Well over two years ago, in “The Hague Child Abduction Convention applies first” I posted a bit about that Convention’s primacy when a lawyer calls me for help in serving process in custody actions. Where a parent has taken his/her child(ren) abroad contrary to the other parent’s wishes, or wrongfully retained the child(ren) abroad, merely pursuing a custody order in the U.S. is rarely the right first step. From that post:
An attorney called me last week from Chicago. He said that his client’s five year-old son had been plucked out of Illinois by his father and taken to the father’s home country, Poland. The lawyer’s two questions: (1) how quickly can I get the father served with a summons and custody petition under the Hague Convention, and (2) how difficult will it be to get the Polish courts to enforce the order once Cook County issues it?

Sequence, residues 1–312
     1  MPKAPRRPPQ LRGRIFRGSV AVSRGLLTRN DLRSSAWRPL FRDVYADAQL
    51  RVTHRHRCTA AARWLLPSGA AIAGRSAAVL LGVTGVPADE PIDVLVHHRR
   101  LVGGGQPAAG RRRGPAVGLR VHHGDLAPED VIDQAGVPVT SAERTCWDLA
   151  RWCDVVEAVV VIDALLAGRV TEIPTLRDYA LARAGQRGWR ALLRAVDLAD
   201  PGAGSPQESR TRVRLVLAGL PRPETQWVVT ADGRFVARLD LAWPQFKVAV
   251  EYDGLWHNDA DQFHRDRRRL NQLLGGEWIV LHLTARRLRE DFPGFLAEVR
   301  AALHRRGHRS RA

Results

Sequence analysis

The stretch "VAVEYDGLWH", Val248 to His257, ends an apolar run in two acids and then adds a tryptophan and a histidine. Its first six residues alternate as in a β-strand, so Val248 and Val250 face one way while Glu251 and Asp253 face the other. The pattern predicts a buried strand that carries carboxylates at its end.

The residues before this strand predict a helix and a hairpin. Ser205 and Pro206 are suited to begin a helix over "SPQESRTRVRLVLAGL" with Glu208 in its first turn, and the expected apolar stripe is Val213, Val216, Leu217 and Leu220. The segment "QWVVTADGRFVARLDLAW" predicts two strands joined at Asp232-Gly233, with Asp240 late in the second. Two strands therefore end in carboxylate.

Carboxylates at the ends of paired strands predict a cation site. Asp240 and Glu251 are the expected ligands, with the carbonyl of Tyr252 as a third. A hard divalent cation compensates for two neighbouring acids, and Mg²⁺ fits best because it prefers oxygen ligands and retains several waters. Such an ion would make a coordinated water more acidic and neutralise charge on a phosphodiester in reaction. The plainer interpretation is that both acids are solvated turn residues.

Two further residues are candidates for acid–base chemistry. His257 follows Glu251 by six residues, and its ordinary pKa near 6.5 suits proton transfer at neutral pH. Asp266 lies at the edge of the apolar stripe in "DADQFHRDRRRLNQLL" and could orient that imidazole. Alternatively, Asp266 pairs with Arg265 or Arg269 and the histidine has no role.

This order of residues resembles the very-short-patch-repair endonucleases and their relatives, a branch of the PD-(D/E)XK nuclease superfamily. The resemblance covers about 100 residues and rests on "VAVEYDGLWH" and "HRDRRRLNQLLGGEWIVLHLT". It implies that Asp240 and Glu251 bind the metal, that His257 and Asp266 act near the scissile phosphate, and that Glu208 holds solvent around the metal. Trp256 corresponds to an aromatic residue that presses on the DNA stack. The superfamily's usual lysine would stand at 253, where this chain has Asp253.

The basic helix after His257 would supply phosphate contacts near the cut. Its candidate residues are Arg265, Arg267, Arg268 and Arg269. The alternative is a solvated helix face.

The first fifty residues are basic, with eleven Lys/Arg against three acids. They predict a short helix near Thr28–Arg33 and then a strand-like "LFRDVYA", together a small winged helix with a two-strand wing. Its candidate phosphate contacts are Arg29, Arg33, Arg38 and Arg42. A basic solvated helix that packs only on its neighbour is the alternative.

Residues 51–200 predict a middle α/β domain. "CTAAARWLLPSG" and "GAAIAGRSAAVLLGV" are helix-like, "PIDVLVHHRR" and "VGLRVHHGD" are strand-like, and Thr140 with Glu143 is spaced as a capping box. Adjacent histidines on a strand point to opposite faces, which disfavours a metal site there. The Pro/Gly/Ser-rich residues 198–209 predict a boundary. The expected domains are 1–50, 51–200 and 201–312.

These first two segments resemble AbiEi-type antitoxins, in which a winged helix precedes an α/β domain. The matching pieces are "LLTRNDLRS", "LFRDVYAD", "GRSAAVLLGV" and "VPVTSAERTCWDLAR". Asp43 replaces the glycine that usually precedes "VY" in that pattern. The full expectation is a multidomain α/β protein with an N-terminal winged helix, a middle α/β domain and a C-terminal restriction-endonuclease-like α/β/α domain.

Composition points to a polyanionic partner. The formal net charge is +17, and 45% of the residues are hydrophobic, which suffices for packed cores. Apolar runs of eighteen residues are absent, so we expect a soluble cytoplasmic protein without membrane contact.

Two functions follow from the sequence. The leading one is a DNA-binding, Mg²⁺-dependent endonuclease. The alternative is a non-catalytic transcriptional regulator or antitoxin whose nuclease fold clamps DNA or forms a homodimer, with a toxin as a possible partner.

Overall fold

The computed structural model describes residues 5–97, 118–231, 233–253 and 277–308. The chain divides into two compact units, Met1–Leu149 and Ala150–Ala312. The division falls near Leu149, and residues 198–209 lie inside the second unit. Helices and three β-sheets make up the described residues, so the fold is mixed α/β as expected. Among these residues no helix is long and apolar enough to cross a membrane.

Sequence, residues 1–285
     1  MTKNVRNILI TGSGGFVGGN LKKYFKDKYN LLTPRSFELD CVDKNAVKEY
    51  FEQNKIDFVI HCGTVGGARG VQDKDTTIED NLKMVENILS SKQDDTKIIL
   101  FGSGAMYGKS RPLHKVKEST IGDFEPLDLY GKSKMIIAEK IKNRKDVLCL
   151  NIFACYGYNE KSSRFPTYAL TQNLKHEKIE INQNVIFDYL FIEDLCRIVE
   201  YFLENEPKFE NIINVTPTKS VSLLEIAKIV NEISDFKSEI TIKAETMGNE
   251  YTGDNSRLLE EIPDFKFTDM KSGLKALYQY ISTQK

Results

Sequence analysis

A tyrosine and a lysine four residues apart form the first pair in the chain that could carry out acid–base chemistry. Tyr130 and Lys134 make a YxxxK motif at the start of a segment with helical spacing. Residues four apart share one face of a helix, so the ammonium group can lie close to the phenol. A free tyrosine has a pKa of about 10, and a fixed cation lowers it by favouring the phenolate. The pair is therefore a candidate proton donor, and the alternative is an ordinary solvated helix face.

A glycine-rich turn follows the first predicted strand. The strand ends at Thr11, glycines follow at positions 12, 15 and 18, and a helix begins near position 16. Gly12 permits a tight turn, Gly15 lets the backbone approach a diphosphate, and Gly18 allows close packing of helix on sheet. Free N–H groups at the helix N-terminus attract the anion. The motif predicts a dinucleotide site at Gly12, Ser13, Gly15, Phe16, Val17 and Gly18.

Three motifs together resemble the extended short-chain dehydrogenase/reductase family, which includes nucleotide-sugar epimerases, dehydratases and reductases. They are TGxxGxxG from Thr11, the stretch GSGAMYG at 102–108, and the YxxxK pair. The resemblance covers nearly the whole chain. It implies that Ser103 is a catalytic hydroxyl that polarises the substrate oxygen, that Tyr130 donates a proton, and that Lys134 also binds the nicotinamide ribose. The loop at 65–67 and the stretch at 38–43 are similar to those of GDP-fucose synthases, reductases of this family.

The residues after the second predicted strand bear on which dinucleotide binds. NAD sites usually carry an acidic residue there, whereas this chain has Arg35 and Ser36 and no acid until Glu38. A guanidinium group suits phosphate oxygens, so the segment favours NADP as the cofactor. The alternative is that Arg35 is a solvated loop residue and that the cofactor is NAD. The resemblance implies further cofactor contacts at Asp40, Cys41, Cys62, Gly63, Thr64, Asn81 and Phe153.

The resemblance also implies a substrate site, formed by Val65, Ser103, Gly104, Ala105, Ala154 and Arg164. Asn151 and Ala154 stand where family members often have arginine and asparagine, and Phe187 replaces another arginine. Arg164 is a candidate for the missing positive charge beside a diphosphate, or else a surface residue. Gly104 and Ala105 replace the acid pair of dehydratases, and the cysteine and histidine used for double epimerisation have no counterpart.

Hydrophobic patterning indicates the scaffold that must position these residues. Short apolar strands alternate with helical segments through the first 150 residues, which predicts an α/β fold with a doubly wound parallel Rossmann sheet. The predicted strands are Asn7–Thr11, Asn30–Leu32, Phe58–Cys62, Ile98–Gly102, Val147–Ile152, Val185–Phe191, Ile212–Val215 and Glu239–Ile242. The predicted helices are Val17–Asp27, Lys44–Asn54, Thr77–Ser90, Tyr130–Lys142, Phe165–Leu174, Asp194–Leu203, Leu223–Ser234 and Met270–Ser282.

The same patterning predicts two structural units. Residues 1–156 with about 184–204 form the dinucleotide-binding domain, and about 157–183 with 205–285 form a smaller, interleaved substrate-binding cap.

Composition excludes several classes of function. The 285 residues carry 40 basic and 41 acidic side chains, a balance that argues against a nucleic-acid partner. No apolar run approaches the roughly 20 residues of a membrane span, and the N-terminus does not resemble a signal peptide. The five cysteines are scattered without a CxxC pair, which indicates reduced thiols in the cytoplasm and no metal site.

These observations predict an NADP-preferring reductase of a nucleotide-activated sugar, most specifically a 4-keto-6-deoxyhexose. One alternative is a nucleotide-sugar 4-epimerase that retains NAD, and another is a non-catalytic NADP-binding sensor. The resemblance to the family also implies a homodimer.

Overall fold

Well, to answer your questions, (1) a few months, and (2) it’ll be difficult and costly.
But those aren’t the right questions. If I read you correctly, the primary objective is to get the child back, right? (“Of course,” replied he.)
Then I have some good news for you.
I went on to describe how there’s no single “Hague Convention”, and offered that the Hague Child Abduction Convention (“the 1980 Convention” in common Hague parlance) provides certain speed and immediacy that the Hague Service Convention (1965) cannot. Sure, it may still be necessary to implement the 1965 Service Convention for the divorce & custody proceedings that follow (and that’s where I come in) but if the objective is the child(ren)’s immediate return to the U.S., faster and less costly mechanisms are in place.
The even better news that I’ve been able to give lately is that we have a colleague who is significantly more knowledgeable than I am when it comes to this particular treaty and its operation. Melissa publishes an outstanding blog on a range of cross-border family law issues, so I can unreservedly direct inquiries her way.